Research Interests

Structure---whether inorganic matter, the morphology of living things, or objects crafted by culture---is data rich. If the information contained within a single material, organism, or cultural artifact is immense, the collective information contained in the universe of things is fathomless. 

X-Ray Computed Tomography (CT) creates reconstructions of objects down to micron resolution, but a method to quantify and summarize the shape and structure of these exquisite objects is lacking. The emerging field of Topological Data Analysis (TDA) is a collection of tools from pure mathematics that quantifies the shape of data. These tools include persistent homology, which gives an algebraic descriptor summarizing changes in structure over a changing parameter, and the mapper graph, which provides a skeletonization of structure through the lens of a chosen filtration function. Different filtration functions highlight varying features in data.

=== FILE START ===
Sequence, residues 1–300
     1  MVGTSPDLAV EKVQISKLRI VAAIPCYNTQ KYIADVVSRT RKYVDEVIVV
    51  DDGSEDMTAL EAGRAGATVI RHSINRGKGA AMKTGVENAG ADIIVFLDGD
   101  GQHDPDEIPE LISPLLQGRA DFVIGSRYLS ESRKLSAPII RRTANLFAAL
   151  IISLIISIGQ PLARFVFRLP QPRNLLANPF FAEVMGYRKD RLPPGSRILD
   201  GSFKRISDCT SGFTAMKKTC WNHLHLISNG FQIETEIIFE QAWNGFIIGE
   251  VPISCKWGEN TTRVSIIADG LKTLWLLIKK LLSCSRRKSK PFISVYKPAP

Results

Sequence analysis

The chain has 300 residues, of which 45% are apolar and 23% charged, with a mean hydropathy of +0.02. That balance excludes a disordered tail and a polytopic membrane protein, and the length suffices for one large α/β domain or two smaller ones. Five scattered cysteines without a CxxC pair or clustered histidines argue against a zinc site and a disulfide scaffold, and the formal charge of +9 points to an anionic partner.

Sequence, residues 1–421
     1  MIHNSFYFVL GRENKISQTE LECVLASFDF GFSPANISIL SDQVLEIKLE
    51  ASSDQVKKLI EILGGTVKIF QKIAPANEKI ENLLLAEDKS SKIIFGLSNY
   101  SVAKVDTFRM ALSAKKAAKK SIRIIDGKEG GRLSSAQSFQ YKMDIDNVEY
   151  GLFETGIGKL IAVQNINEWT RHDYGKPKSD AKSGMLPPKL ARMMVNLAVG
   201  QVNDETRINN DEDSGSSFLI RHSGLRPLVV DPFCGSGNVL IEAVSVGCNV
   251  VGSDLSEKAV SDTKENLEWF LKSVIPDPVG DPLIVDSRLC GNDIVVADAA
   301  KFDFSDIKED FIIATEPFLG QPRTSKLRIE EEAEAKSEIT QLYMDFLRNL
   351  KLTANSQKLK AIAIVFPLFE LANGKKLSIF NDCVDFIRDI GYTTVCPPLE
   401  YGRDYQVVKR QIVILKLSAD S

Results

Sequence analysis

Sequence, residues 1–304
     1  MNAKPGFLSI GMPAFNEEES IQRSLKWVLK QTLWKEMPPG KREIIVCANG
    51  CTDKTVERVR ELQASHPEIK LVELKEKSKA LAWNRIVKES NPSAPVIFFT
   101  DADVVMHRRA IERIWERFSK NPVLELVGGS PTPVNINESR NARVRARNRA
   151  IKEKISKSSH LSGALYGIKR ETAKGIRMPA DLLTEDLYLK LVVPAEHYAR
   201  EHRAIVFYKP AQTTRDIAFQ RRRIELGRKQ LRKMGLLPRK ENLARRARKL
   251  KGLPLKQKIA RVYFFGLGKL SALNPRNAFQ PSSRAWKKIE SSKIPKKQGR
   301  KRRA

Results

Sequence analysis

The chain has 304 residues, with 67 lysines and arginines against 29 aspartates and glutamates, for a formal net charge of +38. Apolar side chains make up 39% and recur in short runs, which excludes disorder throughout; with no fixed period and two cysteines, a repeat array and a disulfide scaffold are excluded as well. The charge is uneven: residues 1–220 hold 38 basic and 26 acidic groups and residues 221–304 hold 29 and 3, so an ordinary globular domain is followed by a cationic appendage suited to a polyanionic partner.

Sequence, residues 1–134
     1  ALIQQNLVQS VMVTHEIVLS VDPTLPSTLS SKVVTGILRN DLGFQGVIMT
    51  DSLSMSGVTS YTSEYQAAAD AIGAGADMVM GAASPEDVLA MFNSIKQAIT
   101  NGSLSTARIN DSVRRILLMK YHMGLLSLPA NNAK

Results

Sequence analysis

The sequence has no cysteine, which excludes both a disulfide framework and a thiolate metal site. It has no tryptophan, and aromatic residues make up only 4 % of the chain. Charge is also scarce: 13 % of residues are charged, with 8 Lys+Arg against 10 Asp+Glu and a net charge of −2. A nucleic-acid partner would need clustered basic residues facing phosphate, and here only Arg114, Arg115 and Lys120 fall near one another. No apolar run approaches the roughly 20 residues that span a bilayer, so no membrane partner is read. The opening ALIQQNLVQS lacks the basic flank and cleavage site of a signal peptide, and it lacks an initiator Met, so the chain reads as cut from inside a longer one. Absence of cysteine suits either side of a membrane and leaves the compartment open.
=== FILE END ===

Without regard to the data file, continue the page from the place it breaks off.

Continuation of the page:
We will be using X-ray CT and TDA to quantify shapes in nature, not least of which, plants. Evolution, domestication, and environment sculpt the morphology of living organisms. Embedded in organismal morphology is information, about the genes that increase yield in crops, have been modulated by evolution to create the spectacular diversity in plants, or features that can be used as a proxy to measure the effects of environment and climate change on plants. There is also the chance to change our perspective of the plant phenotype: rather than a series of shapes that develop through time, it is also possible to describe the plant form as a single, 4D shape. We will be using X-ray CT and analysis using TDA to explore plant morphology, development, plasticity, and to innovate new ways of thinking about, describing, quantifying, and using shape information in the plant sciences and beyond.

Research Website: